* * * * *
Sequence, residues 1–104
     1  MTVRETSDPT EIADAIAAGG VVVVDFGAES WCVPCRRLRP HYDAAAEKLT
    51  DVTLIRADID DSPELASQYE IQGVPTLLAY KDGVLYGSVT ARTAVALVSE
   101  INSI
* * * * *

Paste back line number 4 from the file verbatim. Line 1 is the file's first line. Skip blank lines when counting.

   101  INSI